The World’s Stateless Children: new report out now

Laura van Waas, Co-Director of the Institute on Statelessness and Inclusion
/ 3 mins read

“The Invisible of the Invisible” – this is how the Chair of the UN Committee on the Rights of the Child, Benyam Dawit Mezmur, has described the world’s more than 6 million stateless children. While there is now growing awareness of the fact that to be stateless as a child can stunt opportunity, erode ambition and destroy the sense of self-worth, a child is still born stateless every 10 minutes.  That we, the adults who set the rules for inclusion and exclusion, allow this to occur is – to quote Mezmur again – “shameful”. International law protects the right of every child to acquire a nationality. Childhood statelessness need never happen, it can be avoided.

The Institute on Statelessness and Inclusion is proud to devote the second edition of our flagship report, The World's Stateless 2017, to exploring the urgency of and opportunities for addressing childhood statelessness. This issue must be addressed as a matter of priority. Those like Phra of Thailand, who said “How long will I have to wait to have equal rights to other people? I have been fighting for it my whole life” have already endured statelessness for too long. A child who is forced to grow up stateless will not get a second chance at a fair start in life. As documentary photographer Greg Constantine reflects, the world’s stateless children represent “a wealth of amazing contributions to society denied”.

Today, human rights, freedom, tolerance and inclusion are all under enormous strain. Conflict, displacement, violence and xenophobia seem to be shaping our world, delivering new challenges and further entrenching existing ones. Happily however, all around the world, people continue to work tirelessly to advance human rights and bring relief to human suffering. The community of persons and organisations committed to addressing statelessness is actually expanding, as more civil society, academic, UN and government actors take up the issue. Now, more than ever, it is important to recognise, share, celebrate and take courage from the efforts that are being made to promote the human rights of stateless persons and foster their inclusion.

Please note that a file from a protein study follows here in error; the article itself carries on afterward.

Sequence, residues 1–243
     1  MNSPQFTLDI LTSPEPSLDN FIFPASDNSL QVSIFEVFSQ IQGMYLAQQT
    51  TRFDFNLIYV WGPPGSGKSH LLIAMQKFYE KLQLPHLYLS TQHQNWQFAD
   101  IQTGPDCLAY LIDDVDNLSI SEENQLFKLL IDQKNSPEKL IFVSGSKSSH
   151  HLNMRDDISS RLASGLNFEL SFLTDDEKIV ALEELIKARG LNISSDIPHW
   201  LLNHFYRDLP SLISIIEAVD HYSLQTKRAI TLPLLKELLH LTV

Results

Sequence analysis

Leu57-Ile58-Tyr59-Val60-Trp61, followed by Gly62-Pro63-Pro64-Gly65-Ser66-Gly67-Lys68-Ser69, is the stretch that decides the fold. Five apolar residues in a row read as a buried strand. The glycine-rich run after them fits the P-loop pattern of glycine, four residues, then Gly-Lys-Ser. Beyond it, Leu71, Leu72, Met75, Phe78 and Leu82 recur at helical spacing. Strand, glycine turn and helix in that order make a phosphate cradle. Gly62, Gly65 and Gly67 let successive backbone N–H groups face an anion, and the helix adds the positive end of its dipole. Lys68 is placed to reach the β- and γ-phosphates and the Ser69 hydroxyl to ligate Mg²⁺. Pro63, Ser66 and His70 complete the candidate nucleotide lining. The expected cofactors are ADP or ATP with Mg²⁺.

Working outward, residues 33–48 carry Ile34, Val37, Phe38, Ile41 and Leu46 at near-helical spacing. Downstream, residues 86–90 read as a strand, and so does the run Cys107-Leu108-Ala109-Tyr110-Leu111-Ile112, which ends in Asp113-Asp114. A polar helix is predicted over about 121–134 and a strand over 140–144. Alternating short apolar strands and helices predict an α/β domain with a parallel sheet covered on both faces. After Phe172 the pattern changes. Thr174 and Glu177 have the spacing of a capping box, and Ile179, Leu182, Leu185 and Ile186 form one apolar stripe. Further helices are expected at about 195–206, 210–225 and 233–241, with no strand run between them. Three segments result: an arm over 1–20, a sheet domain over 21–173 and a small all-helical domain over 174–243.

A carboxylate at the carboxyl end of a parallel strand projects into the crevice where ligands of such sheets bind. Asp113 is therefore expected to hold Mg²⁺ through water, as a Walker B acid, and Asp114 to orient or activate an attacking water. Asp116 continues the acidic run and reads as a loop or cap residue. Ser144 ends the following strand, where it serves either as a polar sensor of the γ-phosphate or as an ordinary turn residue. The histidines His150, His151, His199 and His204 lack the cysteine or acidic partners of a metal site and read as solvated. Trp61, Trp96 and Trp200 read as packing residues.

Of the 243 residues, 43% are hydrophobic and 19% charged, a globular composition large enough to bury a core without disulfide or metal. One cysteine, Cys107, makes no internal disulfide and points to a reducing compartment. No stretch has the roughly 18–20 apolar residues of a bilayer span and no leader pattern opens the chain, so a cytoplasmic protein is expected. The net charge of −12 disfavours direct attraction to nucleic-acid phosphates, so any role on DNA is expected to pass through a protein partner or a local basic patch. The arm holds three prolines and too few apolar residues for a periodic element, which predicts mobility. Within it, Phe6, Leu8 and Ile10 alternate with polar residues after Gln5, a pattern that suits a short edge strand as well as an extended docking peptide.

The World’s Stateless report embraces and showcases the collaborative spirit that characterises the field of statelessness today. Over 50 experts and organisations contributed material – essays, interviews, photographs and more. As the multitude of contributions testify, the fight to realise every child’s right to a nationality is one which people have taken up all across the globe – and in a wide array of contexts. The material  has been grouped by theme to cover six core topics: The right of every child to a nationality, Migration, displacement and childhood statelessness, Childhood statelessness and the Sustainable Development Agenda, Safeguarding against childhood statelessness, Litigating against childhood statelessness and Mobilising against childhood statelessness.

As with every edition of The World’s Stateless, this publication also offers a more general overview on the state of statelessness globally in 2017. Assessing the situation region-by-region, the report provides a snapshot of: stateless populations; regional standards; noteworthy developments since the 2014 edition of The World’s Stateless (which focused on the theme ‘counting the stateless’); selected country profiles; and an update on civil society engagement on statelessness.

The report's content can be navigated online at and can also be downloaded in full, free of charge, in PDF format from this website. The publication will be available to order in hard copy from 1 March from Wolf Legal Publishers. We would like to express our deep gratitude to everyone who played a part in making this report possible, including all of the contributors, Ashurst for their assistance with copy-editing and for hosting the launch in London , our partners at Robiz and WLP for producing the web-based and publication versions respectively, and our donors, the Sigrid Rausing Trust and Janivo.

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